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Friday, December 20, 2013

What's that smell?

An avid Wordlady reader has written to inquire why the French word odeur has different connotations than the English word odour. This question arose because she, a singer like me, is rehearsing the lovely 17th-century French Christmas carol "Quelle est cette odeur agréable?". Clearly we cannot translate this into English as "What's that agreeable odour?", since "odour" has come to mean "unpleasant smell". As you will see below, English translators have opted instead for "fragrance".

The classical Latin word odor covered quite an olfactory range: smell, pleasant scent, unpleasant smell, perfume, spice.  In Old French, odeur tended to be used of a pleasant scent, and we took on the same positive connotations when we borrowed the word in the 14th century (we already had "stink" and "smell" for noisome smells). Gradually, though, "odour" became more and more associated with assaults on the nostrils, so that by the beginning of the 20th century, only negative connotations were left (in French, odeur is still used of both pleasant and unpleasant smells). 

But back to 17th-century France. Isn't it weird that a Christmas carol would be talking about odours at all, pleasant or otherwise? There was a belief that the bodies of saints near or after death exhaled a sweet balsamic odour, which was proof of their saintliness. In French this was called the odeur de sainteté. Imagine, then, what streams of aromatic exhalations would come from the newborn Jesus.

Not at all the type of odour you would normally associate with a baby.

My choir won't be singing this one this year, but we will be singing a lot of other lovely carols on Sunday the 22nd at St Thomas's Anglican Church, 383 Huron Street, Toronto ON:
7:00 p.m. Festival of Nine Lessons & Carols

  • Sussex Carol, English trad., ar. Willcocks
  • Adam lay ybounden, Boris Ord 
  • God rest you merry
  • The Holly and the Ivy, Eng., ar. H.W. Davies 74 (vv. 1-4)
  • Angelus ad Virginem, Basque, ar. Andrew Carter
  • In dulci jubilo, ar. Pearsall
  • Noël nouvelet, French trad., ar. Stephen Jackson
  • A Babe is born in Bethlehem, William Mathias
Organ: Variations sur un Noël Bourguignon, André Fleury; In dulci jubilo, BWV 729, 608 and 751, J.S. Bach
Do drop by

Here's "Quelle est cette odeur agréable?", and with it may I wish all Wordlady readers a very happy Christmas.
http://youtu.be/pbTSK3eEPaI 

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French text


Quelle est cette odeur agréable,
Bergers, qui ravit tous nos sens?
S’exhale-t-il rien de semblable
Au milieu des fleurs du printemps?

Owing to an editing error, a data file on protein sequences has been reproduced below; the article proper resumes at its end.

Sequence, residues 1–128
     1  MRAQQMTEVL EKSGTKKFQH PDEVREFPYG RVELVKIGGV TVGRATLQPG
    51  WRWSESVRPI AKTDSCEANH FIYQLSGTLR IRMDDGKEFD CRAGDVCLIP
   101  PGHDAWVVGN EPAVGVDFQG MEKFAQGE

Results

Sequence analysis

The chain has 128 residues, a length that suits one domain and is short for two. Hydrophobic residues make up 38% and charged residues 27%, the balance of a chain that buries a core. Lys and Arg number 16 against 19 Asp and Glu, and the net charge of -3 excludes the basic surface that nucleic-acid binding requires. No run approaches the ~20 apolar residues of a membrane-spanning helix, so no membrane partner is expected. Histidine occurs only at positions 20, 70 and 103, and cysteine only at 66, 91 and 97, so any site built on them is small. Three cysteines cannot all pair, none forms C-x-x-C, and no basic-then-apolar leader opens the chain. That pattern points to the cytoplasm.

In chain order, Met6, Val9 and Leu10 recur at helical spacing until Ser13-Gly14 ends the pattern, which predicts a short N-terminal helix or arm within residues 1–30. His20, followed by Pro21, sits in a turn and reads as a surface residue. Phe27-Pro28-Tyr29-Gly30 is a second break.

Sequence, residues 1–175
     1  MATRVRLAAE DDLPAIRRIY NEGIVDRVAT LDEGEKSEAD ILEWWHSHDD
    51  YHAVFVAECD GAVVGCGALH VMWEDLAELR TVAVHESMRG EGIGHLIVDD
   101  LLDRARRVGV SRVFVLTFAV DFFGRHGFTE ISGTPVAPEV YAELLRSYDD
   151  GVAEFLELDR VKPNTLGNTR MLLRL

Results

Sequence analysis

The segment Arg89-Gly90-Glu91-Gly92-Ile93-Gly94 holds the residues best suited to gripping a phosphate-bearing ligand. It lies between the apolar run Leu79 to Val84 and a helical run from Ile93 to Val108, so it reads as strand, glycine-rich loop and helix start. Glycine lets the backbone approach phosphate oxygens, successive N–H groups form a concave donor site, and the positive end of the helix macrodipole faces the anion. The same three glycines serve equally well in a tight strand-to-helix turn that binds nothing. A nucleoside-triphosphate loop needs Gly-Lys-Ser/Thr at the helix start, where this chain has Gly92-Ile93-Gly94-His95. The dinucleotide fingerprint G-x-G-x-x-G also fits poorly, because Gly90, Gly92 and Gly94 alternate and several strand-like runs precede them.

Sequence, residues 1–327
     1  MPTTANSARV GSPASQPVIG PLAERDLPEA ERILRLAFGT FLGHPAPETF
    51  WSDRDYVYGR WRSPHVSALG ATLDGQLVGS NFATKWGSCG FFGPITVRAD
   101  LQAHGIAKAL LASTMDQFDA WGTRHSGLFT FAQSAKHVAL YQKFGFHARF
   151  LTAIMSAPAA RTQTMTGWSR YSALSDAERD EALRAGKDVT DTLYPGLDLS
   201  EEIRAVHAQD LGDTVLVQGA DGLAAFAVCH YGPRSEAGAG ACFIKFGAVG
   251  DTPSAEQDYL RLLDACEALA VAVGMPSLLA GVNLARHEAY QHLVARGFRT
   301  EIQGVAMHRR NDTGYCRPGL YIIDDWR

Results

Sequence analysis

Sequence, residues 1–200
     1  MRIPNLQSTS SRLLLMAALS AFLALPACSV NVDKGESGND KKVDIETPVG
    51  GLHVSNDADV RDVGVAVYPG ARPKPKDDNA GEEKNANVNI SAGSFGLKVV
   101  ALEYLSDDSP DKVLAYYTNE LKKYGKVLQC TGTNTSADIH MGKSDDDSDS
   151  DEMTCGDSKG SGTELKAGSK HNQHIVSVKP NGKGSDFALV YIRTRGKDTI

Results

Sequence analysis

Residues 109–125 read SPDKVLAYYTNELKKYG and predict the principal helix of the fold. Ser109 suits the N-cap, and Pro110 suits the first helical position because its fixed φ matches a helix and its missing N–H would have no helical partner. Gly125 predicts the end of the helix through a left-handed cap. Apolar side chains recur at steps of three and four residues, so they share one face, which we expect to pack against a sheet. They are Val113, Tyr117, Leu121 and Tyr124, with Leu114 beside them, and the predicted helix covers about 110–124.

Quelle est cette odeur agréable
Bergers, qui ravit tous nos sens?

Mais quelle éclatante lumière
Dans la nuit vient frapper nos yeux
L’astre de jour, dans sa carrière,
Fût-il jamais si radieux!
Mais quelle éclatante lumière
Dans la nuit vient frapper nos yeux.

A Bethléem, dans une crèche
Il vient de vous naître un Sauveur
Allons, que rien ne vous empeche
D’adorer votre redémpteur
A Bethléem, dans une crèche,
Il vient de vous naître un Sauveur.

Dieu tout puissant, gloire éternelle
Vous soit rendue jusqu’aux cieux.
Que la paix soit universelle
Que la grace abonde en tous lieux.
Dieu tout puissant, gloire éternelle
Vous soit rendue jusqu’aux cieux

English translation
by Rod Mather

Where is that goodly fragrance flowing
to steal the senses all away?
adorns the air, and nothing like it
the shepherds sensed in fields in May?
Where is that goodly fragrance flowing
to steal the senses all away?

A light so bright, a beam so piercing
it turns our darkness into day.
The light of Christ, it is so radiant,
the beam it casts to be our way.
A light so bright, a beam so piercing
it turns our darkness into day.

Shepherds to Bethlehem, go hasten!
And in a manger see him lay.
Adore your God and your redeemer;
Saviour of all to win the day
Shepherds to Bethlehem, go hasten!
And in a manger see him lay.

All pow'rful God, and King eternal,
The heavens praise with one accord.
Grace, peace and truth give to all nations
Spring forth from Jesus Christ our Lord.
All pow’rful God, and King eternal,
The heavens praise with one accord

1 comment:

  1. Excellent performance - 'piercing my soul'!

    ReplyDelete

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Canada's Word Lady, Katherine Barber is an expert on the English language and a frequent guest on radio and television. She was Editor-in-Chief of the Canadian Oxford Dictionary. Her witty and informative talks on the stories behind our words are very popular. Contact her at wordlady.barber@gmail.com to book her for speaking engagements; she can tailor her talks to almost any subject. She is also available as an expert witness for lawsuits.